4 pieces of tattered paper are held in place by four grey stones of varying shapes and sizes.
the underside of a soaring raptor against a cloudy sky

This FEELed Note is the fourth in a series written by Natalie Rice, the FEELed Lab Researcher in/of/on Place this year.

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“Every time you step into the river you change it,” says artist Susan Derges who uses river and moonlight to expose images on photographic paper. During her creation process, she began to notice that many of her images printed with two streams of vertical water. She later realized these were the imprint of her feet as she stood above stream as the photo was developing. Alice Oswald says, “[the] poem isn’t always what happens in the poem, but the trace the words leave inside you as it vanishes.” In her lecture, “The Art of Erosion” she describes the kind of poetics that “[is] interested in the edge, where the mind gives up and matter begins to describe itself.” Just as an imprint of time becomes visible in a moon-exposed photograph, like Oswald, I am interested in a poetics that allows the wind, water, ground, sunlight, moonlight to fall into and across and through the poem. A poetics that “wears holes.”

A white barked tree drapes its roots over smooth grey stone in the fading light.

Last month, I travelled around the southern tip of Mexico’s Baja peninsula with erosion in mind. The introduction of cattle, goats, bores, and other grazing species have led to a fragile and eroded landscape. The Sierra La Laguna Biosphere Reserve protects the most important hydrological reservoir in the area, and I spent many days walking the riverbed under palms, ocotillo blooming red, and circling vultures. I had recently listened to an audio recording of Norah Bowman reading her poem “Anti-Colonial Romance” and made a wind-transcription which was tattered and worn through. Many of the words were lost between the wind and a poor Wi-Fi signal.

It was there in the river—which would eventually run to the Pacific Ocean—that I experimented with another layer of erosion. I submerged the wind-transcription of Norah’s poem into the river and allowed it to be read for a few minutes, as I was afraid of losing pieces of paper downriver. “Speech gives itself so listeningly to its subject that it is dented by it or destroyed by it,” says Oswald. And it was.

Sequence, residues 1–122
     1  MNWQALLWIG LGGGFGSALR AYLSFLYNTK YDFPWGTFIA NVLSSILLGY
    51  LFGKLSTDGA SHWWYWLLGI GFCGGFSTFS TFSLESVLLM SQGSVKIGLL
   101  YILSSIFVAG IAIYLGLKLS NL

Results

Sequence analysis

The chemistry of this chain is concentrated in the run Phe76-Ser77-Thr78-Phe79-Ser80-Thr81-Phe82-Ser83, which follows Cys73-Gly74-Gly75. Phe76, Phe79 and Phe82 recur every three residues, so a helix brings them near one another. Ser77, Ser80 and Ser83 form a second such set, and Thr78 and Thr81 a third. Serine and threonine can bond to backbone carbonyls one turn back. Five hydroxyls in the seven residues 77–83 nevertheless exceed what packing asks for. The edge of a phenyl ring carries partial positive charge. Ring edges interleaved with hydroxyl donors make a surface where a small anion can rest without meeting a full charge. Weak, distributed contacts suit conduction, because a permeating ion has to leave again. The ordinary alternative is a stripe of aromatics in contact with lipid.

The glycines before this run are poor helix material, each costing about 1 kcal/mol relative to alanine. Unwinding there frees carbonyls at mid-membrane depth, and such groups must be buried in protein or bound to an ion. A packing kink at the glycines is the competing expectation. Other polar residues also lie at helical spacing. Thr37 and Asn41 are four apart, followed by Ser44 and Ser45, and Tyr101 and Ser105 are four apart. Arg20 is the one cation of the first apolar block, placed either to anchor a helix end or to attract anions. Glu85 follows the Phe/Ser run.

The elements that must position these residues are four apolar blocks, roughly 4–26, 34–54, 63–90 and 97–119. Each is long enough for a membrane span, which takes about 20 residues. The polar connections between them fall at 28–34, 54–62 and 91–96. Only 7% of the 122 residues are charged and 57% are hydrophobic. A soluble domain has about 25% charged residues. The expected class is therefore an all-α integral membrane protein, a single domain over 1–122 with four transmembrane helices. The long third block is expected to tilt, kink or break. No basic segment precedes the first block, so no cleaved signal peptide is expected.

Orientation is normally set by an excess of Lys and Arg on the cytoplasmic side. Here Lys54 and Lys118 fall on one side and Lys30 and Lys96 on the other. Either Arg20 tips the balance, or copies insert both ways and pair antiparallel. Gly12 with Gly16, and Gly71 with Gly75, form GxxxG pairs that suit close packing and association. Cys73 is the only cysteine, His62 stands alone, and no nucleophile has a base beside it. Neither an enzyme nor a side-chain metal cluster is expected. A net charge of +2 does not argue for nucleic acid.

The poem became worn, paused, eaten away. Afterwards, I placed the sheets of paper on a rock to dry and photographed them. There were sections that had been erased by the water. A few small parts came off entirely, but the words land and land back held together, just by their chance placement on the page and where the current was running. With every new layer of erosion, something was peeled away. Or, through each erosion process was the gap in which matter began to describe itself.

A sheet of paper sits below a rock in a moving stream. Toes of two feet are just visible, standing next to the stream on a rock.

This brings me back to earlier thoughts on the power of anaphora or repetition such as in work by Juliana Spahr. In “On the House that Ecopoetics Builds: Juliana Spahr’s ‘eco’ frame,” Chrisholm says, “The refrain is her primary poetic device for de/framing the oikos/ house that we habitually inhabit, as well as for analysing the political and cultural make-up of the ecological and natural, and vice versa…” (pg 3-4.) The article suggests that by continuously arranging and rearranging phrases, Spahr actually “deranges” the poetic house she builds. “[Her sonnets] assemble figures of repetition in lines and lyrics that become asyntactical and arhythmical, and that compound meaning with metrical and semantic discord. In short, Spahr’s refrain deforms its content of expression with a framework of lyrical derangement” (pg 6.) Similarly, giving the same body of text over and over again to the earth feels like the poetic device of refrain. I’m curious to see how far this poem could be tumbled until it too becomes a lyric derangement. A gap (such as in the poems of Sappho) is as much the poem as the language is.

Light brown sand is disturbed by watermarks of a stream or a flow that is no longer there.

To be eroded is as much a destructive force as it is an opening for anything to enter: wind, granite, mineral, river-time, moonlight. Nature’s engagement with this text reminds us that nature is not like a book. It is the book. For the words land and land back to hold together in Norah Bowman’s text through the erosion process, gestures towards the ways in which land back can also enter.


Chrisholm, Dianne “On the House that Ecopoetics Builds: Juliana Spahr’s ‘eco’ frame.” Textual Practice, 17 December 2013. Pgs. 1-25.

 “Susan Derges Lecture.” ICP Photographers Lecture Series: Susan Derges, 14 March 2012.

“The Art of Erosion: Professor of Poetry, Alice Oswald.” The University of Oxford, 19 December 2019.

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